Chain reaction sparks anti-7-Eleven protest in park

Photo by Jefferson Siegel Bob Holman, left, and Rob Hollander invited neighborhood children to spin the “Community Wheel of Fortune.”

Photo by Jefferson Siegel
Bob Holman, left, and Rob Hollander invited neighborhood children to spin the “Community Wheel of Fortune.”

BY JEFFERSON SIEGEL  |  Manhattan can boast of a dubious achievement: You don’t have far to walk to find a bank, drugstore or chain coffee house. While these businesses occupy almost every corner in town, it’s difficult to find a shoe repair store, tailor or most other basic services within walking distance.

In the East Village and Lower East Side, a dearth of supermarkets has left small delis and bodegas to provide food and dry goods to the neighborhood.

Now, a group of activists are sounding the alarm for these small businesses with the anticipated arrival of a 7-Eleven convenience store on Avenue A.

Last Saturday, dozens gathered by the Hare Krishna Tree in Tompkins Square Park for a serious, and occasionally satirical, protest against the national retailer’s impending arrival.

“No chains on the Lower East Side,” said Robert Galinsky while wearing a rusted chain around his neck.

Bob Holman of the Bowery Poetry Club chanted, “Corporate clones out of Loisada.”

Organizers warned of an impending flood of the Slurpee-slinging chain. Already there are more than 8,000 7-Elevens in the U.S. and some 48,000 worldwide. Another 100 outlets are planned for Manhattan in the next four years.

“The whole message is local,” Holman said of the protesters’ message. “The big fight is for community control. Everyone talks about bars invading neighborhoods but chain stores are more insidious.”

Reverend Billy took time off from his daughter’s third birthday to work the bullhorn.

“7-Eleven is the devil; 7-Eleven will make us impotent,” he preached to the crowd.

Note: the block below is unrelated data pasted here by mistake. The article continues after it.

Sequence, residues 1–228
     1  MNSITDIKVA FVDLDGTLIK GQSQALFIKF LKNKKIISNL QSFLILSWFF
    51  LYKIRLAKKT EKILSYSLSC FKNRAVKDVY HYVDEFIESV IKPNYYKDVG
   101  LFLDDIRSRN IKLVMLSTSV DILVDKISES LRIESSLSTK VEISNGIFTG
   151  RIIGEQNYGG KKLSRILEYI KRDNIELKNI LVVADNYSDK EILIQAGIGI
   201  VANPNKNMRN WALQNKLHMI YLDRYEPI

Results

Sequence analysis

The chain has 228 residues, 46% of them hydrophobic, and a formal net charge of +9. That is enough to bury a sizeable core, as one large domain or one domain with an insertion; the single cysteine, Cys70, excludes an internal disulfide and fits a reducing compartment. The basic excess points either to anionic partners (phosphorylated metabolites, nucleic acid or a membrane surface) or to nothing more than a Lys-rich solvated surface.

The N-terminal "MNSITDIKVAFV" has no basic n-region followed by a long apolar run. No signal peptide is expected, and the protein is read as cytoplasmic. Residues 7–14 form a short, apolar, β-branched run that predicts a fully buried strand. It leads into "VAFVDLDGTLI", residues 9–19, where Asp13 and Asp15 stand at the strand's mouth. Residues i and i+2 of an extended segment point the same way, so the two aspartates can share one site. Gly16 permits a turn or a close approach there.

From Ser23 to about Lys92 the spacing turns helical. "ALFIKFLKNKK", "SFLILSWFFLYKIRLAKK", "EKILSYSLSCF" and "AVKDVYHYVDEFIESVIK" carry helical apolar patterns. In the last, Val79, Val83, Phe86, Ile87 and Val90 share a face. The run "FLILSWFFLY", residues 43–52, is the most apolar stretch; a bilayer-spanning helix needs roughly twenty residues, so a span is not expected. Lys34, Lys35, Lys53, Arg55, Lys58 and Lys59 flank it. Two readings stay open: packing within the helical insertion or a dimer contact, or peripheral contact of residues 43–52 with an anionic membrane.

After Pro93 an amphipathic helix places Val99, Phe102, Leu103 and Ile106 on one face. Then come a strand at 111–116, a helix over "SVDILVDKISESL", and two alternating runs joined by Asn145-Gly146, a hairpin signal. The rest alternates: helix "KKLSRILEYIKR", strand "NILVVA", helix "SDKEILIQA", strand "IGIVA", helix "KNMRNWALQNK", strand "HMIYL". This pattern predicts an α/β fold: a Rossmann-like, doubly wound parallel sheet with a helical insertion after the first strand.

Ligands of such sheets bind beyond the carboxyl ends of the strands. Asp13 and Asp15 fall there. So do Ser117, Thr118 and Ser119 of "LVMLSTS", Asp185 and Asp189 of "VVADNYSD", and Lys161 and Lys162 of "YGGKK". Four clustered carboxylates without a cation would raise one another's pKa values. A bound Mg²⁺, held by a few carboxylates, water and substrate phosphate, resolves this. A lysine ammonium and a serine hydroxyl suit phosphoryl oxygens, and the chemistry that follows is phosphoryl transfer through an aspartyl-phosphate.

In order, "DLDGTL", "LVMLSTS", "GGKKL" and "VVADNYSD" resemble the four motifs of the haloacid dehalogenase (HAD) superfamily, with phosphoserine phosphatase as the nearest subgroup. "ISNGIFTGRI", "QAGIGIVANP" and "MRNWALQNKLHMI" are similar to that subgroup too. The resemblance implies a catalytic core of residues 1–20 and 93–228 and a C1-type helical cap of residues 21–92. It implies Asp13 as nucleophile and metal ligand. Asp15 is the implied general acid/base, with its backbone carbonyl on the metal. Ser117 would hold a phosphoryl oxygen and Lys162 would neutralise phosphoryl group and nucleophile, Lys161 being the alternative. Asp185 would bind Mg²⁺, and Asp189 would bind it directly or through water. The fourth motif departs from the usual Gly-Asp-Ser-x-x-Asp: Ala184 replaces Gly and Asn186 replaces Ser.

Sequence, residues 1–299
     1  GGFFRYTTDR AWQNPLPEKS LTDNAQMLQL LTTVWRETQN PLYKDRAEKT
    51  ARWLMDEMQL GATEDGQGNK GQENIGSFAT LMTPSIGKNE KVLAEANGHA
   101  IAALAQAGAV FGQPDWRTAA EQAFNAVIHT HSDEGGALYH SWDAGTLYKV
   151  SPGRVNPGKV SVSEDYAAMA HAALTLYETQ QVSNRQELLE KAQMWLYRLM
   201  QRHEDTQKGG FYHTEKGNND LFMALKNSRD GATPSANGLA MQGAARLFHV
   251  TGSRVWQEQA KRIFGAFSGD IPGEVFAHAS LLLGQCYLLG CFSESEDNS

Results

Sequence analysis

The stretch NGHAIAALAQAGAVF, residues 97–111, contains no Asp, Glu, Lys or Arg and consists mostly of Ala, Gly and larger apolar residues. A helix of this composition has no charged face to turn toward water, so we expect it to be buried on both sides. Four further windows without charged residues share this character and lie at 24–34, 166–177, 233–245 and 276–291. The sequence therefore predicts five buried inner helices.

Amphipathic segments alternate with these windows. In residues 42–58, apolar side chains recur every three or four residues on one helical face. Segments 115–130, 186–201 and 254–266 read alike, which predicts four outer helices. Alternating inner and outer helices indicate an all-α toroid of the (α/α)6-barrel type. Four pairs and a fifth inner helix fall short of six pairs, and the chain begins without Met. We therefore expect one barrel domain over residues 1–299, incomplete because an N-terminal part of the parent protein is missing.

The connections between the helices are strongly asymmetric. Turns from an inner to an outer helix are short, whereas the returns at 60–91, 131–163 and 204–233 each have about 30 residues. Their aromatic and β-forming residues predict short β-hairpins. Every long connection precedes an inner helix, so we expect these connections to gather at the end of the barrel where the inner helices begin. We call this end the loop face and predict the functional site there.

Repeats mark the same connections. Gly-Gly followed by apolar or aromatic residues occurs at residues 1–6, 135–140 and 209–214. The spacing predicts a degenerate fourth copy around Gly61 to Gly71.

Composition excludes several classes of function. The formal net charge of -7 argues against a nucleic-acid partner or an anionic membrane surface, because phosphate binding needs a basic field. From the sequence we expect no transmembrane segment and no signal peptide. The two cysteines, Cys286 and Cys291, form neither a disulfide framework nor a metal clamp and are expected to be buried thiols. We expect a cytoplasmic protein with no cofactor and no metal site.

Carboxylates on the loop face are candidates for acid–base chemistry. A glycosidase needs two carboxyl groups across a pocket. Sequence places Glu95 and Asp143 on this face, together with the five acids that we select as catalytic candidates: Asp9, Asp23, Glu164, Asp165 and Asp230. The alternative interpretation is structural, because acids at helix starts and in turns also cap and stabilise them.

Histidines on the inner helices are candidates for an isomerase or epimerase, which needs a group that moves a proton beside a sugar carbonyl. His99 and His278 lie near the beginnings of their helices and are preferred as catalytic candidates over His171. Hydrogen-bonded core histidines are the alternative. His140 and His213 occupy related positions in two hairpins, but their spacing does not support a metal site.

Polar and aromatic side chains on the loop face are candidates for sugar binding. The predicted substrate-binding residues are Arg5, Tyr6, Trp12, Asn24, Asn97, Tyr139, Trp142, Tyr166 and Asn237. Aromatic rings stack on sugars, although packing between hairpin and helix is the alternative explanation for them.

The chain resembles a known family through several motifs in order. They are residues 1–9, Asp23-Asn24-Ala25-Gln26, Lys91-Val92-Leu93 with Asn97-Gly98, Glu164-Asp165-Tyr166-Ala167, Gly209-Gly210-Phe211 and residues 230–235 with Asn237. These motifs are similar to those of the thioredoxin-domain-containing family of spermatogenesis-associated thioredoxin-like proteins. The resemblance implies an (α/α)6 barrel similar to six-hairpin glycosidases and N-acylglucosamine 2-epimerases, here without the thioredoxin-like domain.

“If there was a writer from The New York Times here, he might call us NIMBY types,” Billy added, derisively.

“I don’t see this as NIMBY,” Holman chimed in. “I see this as where things start.”

Organizers say the chain store will hurt bodegas and, by extension, the local economy; and that the corporate stores’ growing presence will limit food choices while offering unhealthy food options. They also fear a rising wave of chain stores will whitewash the community’s character.

One of the afternoon’s attractions was the “Community Wheel of Fortune.” Children were invited to spin the disk, listing local chains like Chase Bank and CVS/Duane Reade drugstores. When the arrow landed on those names, they were removed from the wheel and turned over to reveal preferred businesses, like a credit union or a community media center.

Rob Hollander of Save The Lower East Side said the group is working to pass a “formula retail zoning law.”

“We’re trying to get a zoning amendment for the entire city to require that all these corporate formula stores, including banks, go to the local community board for approval,” Hollander explained, adding this would allow a neighborhood to have a say on the number and location of chains.

Galinsky warned, “The Pandora’s box of Charlie Parker, Allen Ginsberg and all the East Village spirits,” will be opened if 7-Eleven opens at E. 11th St. on Avenue A.

In February, there was a march through the neighborhood to show support for local delis. Hollander said the group will increase its efforts by returning to Tompkins Square Park every weekend, and will soon hold a press conference on their zoning amendment proposal.

For more information, visit the Web site no7eleven.com.

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